My video review finally uploaded to Amazon without error. It covers the points described below. Be sure to reduce your volume to a safe level before the noise demonstration begins at 0:20. If you have any problems playing it here at Amazon, the same video is on YouTube as well: ?v=qBHINqeHfyI
After just a few weeks of use, the first Rode arm started to make terrible metal-on-metal grinding/shrieking noises when bending at the middle joint. Many other reviewers have complained about this. Right out of the box, the replacement unit I received from Amazon had the same issue and more:
-- It rattled as though something inside the middle joint was loose
-- One of the plates on the end joint was loose (easily fixed with a screwdriver, but it suggests carelessness at the factory)
-- The hole in the desk mount clamp was about 5% too wide, leading to a wobbly loose fit. Some other reviewers have complained about this, too. The cylindrical post on the base of the arm measured 0.497" to 0.499" in diameter (the standard half inch size), so it was not a problem of an undersized post.
-- Internal springs are a nice idea, it certainly looks sharp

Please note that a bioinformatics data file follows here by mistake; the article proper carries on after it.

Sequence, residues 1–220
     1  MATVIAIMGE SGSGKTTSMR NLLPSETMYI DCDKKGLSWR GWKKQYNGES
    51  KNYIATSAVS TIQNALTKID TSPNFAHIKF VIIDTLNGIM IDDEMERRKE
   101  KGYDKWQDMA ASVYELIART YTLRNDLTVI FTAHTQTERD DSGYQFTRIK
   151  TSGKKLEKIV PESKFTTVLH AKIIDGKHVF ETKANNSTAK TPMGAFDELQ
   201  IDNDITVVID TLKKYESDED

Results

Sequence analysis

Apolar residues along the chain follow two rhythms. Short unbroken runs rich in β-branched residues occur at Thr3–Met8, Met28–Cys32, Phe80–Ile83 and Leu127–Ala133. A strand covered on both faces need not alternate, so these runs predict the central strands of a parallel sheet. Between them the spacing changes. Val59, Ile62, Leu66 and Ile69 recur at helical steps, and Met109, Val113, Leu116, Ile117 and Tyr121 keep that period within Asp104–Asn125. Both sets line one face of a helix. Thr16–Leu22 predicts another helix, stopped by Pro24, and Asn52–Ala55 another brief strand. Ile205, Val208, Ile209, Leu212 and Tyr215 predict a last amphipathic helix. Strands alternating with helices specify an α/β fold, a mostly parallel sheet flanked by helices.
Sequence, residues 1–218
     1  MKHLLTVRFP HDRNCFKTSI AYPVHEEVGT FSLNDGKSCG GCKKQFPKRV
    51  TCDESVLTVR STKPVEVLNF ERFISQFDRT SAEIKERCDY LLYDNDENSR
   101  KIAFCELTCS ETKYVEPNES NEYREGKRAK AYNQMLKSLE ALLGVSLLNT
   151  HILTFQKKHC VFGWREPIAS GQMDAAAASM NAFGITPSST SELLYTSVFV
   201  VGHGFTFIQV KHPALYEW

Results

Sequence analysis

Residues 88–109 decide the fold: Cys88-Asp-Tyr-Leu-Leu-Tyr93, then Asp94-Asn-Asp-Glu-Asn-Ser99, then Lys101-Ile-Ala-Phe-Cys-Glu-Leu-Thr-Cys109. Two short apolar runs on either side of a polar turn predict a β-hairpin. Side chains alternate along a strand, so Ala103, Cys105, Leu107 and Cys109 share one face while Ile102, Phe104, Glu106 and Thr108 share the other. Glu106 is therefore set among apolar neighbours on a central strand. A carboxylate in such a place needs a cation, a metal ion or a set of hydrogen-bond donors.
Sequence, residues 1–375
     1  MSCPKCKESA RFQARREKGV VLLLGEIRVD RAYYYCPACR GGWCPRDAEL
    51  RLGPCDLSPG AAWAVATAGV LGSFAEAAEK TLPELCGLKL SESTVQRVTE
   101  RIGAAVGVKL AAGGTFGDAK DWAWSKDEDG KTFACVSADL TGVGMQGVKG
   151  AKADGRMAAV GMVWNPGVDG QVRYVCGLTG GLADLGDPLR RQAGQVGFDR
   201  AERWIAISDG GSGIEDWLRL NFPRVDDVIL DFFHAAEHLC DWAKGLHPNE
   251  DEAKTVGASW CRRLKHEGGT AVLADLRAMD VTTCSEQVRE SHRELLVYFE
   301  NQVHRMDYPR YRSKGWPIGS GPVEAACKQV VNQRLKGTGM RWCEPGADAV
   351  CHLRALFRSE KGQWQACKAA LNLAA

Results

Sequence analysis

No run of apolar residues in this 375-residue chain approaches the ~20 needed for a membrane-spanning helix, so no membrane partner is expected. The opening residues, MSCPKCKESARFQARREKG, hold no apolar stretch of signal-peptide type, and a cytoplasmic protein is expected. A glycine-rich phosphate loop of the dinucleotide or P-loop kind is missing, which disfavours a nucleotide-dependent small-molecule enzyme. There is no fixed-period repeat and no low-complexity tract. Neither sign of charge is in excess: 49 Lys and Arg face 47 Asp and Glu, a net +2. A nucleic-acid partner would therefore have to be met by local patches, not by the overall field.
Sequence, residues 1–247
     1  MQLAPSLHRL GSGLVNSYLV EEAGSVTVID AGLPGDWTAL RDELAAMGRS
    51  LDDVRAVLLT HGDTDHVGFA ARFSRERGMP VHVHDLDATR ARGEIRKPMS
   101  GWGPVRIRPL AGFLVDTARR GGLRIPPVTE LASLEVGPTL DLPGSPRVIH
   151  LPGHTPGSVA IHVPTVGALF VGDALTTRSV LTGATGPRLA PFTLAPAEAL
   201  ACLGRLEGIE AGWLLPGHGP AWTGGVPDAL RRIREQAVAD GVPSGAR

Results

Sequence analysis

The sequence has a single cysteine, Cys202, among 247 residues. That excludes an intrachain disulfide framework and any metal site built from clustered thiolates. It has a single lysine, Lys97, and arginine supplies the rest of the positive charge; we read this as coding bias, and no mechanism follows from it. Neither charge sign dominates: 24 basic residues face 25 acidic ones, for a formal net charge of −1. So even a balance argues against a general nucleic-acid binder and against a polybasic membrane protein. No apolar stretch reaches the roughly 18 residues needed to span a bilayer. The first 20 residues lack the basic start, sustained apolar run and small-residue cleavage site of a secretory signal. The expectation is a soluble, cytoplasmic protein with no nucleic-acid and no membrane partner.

-- Internal cable routing is also a nice idea, but see the mehs section
-- The included fasteners for external cable routing are handy
-- The springs are strong enough to support a heavy load like my Blue Yeti mic + Blue Radius II shock mount (a small number of reviewers complain that their springs were too weak for this, though)
-- Value is questionable. It's 3~5 times more expensive than similar arms on Amazon. If you need to support a heavy load, the cheaper arms may not work. That was a significant factor in my initial decision to buy the Rode.
-- The tubes which don't contain springs could be used for internal cable routing, but probably only if you assemble your own cable and can feed it through before putting the connector on the end.
-- Bad quality control in recent units (purchased from Amazon in autumn 2016)
-- The joints are riveted, so you can't easily disassemble them to lubricate the springs or fix other issues yourself. Sure, you could put some low-viscosity oil in at the top and let gravity carry it down over the spring, but do you really want this thing to drip oil onto your desk at random times over the next month? I think high-viscosity grease would be more appropriate for the job, but it wouldn't be easy to open the arm up so you could put the grease where it needs to go.
TL;DR First one was noisy when bending at middle joint, second one was even worse, third is still okay after six months.